Global Climate Change Affects Tropical as well as Polar Regions
The most often heard victims of climate change are the polar bears in the far north losing their hunting grounds to the melting polar ice. Maps show the greatest area of warming temperatures are at the north and south poles. However, equally important are the effects of climate change in the tropical regions of the world. As temperatures rise here, poorly adaptable species may be lost forever. It may also encourage the spread of diseases and unprecedented heat waves which may lead to forest fires.
Studies of climate changes effects in the tropics have been conducted by William Laurance, Distinguished Research Professor at James Cook University in Queensland, Australia. His research has covered the entire world, from the Amazon to Africa, to tropical Australia. He notes prior research conducted by biologist, Justin Welbergen, who made observations on an Australian day where temperatures reached 42.9 degrees C (109 F). The extreme heat caused the deaths of 1,453 flying foxes along the northeastern Australian coastline. Since then, tens of thousands more have died. Prior to 1994, few mass die-offs were ever recorded.
Tropical species are perfectly suited for their climate. There are no seasons like in the northern latitudes, so these species have never experienced any serious deviations in temperature. In the tropics the only way to experience different temperatures is to change elevation. Generally, the temperature drops 6 degrees C (11 F) for every thousand meters up. Therefore, tropical species are also perfectly suited for their elevation.
This means trouble for mountaintop species because they are effectively on an island and have nowhere else to go. As temperatures rise, these high elevation species will be the first in danger. Laurance's colleague, Steve Williams, has created a model which suggests that extinctions will increase if temperatures rise more than three degrees. If they rise by 5-6 degrees, most endemic life in north Queensland will be exterminated.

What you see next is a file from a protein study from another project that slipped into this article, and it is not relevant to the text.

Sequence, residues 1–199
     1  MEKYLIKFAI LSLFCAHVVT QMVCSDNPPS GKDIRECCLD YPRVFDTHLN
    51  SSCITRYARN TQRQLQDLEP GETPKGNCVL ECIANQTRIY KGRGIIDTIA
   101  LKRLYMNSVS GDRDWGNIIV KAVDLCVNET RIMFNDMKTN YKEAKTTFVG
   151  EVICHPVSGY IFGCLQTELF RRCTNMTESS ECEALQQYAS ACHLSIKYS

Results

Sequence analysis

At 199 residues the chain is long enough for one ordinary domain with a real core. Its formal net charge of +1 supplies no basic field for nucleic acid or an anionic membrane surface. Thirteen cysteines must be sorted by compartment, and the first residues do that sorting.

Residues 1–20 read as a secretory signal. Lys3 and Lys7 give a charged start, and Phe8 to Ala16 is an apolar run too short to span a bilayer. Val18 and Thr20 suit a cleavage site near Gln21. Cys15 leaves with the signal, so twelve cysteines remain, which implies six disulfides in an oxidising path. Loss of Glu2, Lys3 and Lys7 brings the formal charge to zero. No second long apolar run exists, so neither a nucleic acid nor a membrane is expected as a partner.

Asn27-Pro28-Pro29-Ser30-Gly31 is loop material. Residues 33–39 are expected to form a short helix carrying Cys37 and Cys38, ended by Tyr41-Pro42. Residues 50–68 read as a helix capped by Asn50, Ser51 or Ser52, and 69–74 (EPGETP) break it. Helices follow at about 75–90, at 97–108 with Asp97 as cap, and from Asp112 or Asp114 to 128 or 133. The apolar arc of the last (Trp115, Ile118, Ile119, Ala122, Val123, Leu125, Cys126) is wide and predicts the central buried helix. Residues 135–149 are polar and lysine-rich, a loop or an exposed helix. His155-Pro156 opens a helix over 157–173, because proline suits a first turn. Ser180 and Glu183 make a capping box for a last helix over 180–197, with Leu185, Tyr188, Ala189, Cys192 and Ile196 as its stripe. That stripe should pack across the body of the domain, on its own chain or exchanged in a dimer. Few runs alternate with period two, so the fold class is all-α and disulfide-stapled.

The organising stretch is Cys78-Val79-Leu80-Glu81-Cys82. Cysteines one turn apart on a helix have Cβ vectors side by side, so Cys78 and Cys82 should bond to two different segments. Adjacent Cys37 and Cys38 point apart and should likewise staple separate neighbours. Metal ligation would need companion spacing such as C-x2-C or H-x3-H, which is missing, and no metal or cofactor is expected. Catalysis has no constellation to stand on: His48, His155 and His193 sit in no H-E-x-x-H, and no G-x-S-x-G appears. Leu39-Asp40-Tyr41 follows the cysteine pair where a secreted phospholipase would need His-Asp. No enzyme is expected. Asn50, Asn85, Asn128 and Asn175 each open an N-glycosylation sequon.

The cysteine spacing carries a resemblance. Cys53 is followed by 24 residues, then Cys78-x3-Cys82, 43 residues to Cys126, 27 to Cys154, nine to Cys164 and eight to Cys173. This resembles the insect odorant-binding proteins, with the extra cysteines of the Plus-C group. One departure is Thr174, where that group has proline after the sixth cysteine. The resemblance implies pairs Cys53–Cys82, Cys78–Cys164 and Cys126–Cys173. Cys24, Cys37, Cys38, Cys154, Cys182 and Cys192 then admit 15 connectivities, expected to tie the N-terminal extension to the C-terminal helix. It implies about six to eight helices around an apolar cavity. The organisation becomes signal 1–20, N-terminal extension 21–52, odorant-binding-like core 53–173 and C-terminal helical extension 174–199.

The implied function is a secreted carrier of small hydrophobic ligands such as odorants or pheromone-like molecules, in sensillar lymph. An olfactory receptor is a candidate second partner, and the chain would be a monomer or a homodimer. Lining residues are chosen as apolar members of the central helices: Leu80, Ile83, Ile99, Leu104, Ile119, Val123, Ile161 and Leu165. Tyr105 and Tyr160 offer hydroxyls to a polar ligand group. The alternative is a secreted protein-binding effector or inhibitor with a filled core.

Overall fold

Another concern for the tropics is global warming's effects on cloud cover in tropical mountain regions. The rainforests in these areas depend on persistent cloud cover to keep them cool and protect them from solar radiation. Rising temperatures can change the condensation point for cloud formation, drying out these areas. It will also affect the evapotranspiration of plants. Rainforest plants release massive amounts of water vapor when they absorb CO2. But in a CO2-rich world, plants do not have to release water vapor to absorb CO2. The reduction in water vapor released will result in fewer or smaller clouds.
There are still many uncertainties when predicting climate change in the tropics. Will there be more floods or droughts in a warming world? The El-Nino weather phenomenon may cause droughts in the Amazon, but will this be the dominant climate dynamic for the region? Will undisturbed rainforests grow or shrink due to rising temperatures? We simply do not know the answers to many of these questions. The hope is that tropical ecosystems will find the resilience to withstand the rapid warming that is unleashed on them.